Cyborg art

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Cyborg art, also known as cyborgism,[1] is an art movement that began in the mid-2000s in Britain.[2] It is based on the creation and addition of new senses to the body via cybernetic implants[3] and the creation of art works through new senses.[4] Cyborg artworks are created by cyborg artists;[5] artists whose senses have been voluntarily enhanced through cybernetic implants.[6] Among the early artists shaping the cyborg art movement are Neil Harbisson, whose antenna implant allows him to perceive ultraviolet and infrared colours,[7] and Moon Ribas whose implants in her elbows [8] allow her to feel earthquakes and moonquakes.[9] Other cyborg artists include Manel Muñoz, a Catalan photographer who developed and installed a barometric system in his ears that allows him to perceive atmospheric pressure changes.[10]

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References[edit]

  1. ^ Barbato, Massimo (2016-01-19). "The Art of Cybernetic Union - SERIOUS WONDER". Serious Wonder. Retrieved 2016-01-19.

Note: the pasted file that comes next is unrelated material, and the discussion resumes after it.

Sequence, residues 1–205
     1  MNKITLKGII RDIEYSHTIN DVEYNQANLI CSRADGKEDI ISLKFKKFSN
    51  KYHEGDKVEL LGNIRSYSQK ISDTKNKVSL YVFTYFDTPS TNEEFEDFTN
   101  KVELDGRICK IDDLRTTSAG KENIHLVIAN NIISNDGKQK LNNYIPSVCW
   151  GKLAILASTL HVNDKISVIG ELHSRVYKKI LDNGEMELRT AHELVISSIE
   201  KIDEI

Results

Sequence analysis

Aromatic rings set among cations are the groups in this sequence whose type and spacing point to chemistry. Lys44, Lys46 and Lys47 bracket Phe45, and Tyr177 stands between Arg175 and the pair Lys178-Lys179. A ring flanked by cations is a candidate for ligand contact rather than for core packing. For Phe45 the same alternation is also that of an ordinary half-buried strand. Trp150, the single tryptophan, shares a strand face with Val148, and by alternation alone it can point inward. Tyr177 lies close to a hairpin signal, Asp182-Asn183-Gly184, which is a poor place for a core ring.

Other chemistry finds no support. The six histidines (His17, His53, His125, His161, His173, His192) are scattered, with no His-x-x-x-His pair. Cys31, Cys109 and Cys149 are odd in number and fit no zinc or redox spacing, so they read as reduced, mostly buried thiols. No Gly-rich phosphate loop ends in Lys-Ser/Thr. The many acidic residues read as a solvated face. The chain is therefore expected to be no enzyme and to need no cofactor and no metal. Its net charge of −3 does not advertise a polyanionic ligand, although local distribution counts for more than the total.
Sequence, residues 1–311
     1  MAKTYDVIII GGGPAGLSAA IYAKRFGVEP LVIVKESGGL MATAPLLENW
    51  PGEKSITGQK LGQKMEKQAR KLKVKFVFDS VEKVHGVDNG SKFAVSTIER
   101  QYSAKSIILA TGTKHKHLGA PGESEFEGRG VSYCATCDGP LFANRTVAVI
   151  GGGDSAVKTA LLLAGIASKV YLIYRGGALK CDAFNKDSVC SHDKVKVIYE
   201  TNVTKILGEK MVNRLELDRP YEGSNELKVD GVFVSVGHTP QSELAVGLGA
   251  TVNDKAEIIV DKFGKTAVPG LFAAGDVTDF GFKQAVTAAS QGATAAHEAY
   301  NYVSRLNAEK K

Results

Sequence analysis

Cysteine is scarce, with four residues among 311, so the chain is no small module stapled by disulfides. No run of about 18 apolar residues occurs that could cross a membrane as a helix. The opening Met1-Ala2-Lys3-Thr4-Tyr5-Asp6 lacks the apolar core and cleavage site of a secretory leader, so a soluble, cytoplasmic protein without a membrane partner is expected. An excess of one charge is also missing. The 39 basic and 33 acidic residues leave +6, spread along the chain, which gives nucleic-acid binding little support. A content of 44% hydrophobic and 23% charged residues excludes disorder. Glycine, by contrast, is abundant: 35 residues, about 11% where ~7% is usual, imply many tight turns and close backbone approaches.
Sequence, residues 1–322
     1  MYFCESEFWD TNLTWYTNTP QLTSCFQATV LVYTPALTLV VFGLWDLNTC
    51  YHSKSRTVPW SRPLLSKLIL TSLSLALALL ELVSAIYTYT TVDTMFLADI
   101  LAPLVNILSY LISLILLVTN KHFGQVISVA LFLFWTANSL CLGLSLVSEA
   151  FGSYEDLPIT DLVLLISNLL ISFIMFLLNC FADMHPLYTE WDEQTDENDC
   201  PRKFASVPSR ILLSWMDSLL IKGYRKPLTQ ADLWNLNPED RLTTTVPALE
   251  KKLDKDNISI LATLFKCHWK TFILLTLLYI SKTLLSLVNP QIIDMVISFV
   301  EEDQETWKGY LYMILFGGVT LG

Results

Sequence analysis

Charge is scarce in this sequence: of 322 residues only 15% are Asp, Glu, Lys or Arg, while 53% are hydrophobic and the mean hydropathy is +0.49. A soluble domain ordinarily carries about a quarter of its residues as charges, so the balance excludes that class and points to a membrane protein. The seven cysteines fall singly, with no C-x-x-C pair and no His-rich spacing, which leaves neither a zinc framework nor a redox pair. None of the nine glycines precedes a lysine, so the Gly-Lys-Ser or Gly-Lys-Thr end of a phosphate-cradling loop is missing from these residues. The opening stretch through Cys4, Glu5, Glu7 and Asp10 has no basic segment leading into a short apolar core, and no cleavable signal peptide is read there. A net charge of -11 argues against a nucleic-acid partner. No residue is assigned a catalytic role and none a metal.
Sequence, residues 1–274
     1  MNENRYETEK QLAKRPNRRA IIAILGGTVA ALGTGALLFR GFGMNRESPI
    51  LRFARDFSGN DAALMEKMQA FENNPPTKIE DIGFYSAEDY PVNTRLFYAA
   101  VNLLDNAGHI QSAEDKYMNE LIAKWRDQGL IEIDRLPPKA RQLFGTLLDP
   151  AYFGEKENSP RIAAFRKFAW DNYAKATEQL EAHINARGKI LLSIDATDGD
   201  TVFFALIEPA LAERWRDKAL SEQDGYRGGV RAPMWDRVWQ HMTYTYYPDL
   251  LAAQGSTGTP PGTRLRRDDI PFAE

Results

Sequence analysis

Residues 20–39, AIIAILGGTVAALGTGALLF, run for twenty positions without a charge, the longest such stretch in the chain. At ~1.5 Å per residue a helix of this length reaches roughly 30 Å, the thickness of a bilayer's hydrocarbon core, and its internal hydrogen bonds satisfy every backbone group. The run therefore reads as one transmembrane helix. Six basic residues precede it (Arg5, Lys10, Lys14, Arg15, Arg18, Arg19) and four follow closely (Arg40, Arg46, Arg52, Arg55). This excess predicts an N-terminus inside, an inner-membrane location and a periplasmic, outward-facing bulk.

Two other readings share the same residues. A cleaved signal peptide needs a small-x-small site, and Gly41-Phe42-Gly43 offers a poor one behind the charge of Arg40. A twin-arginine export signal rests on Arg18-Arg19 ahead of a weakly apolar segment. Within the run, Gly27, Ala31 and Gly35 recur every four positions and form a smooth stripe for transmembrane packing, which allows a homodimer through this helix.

2. ^ Jeffries, Stuart "Neil Harbisson, the world's first cyborg artist", The Guardian, 5 May 2014
  3. ^ "I Don't Have Artificial Body Parts, I Have Artistic Body Parts". The Huffington Post. 2015-03-12. Retrieved 2016-01-19. 
  4. ^ Else, Liz "Cyborg makes art using seventh sense", The New Scientist, 29 June 2012
  5. ^ Alexander, Neta (2015-05-26). "They Dance the Body Electric: Cyborg Artists Land in Central Israel". Haaretz. Retrieved 2016-01-19. 
  6. ^ Lee, Jennifer "A Surgical Implant for Seeing Colors Through Sound", The New York Times, 2 July 2012
  7. ^ NBC, "Last Call with Carson Daly", 29 September 2014
  8. ^ Garcia, Gabriella "The woman who can feel every earthquake in the world", "Hopes&Fears", 17 de octubre 2015.
  9. ^ Davis, Sally. “Encounters with the Posthuman”, Nautilus, 29 April 2013.
  10. ^ Gabilondo, Pablo "El catalán que va a implantarse un barómetro para predecir el tiempo: "Quiero ser cíborg", El Confidencial, 13 August 2017